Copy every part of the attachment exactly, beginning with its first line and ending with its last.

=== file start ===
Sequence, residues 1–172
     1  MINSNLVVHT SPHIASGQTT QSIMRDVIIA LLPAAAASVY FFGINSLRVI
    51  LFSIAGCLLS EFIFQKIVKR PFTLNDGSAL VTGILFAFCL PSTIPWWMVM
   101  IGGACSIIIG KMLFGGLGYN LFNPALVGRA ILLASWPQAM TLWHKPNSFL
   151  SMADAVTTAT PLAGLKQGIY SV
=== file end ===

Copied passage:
Sequence, residues 1–172
     1  MINSNLVVHT SPHIASGQTT QSIMRDVIIA LLPAAAASVY FFGINSLRVI
    51  LFSIAGCLLS EFIFQKIVKR PFTLNDGSAL VTGILFAFCL PSTIPWWMVM
   101  IGGACSIIIG KMLFGGLGYN LFNPALVGRA ILLASWPQAM TLWHKPNSFL
   151  SMADAVTTAT PLAGLKQGIY SV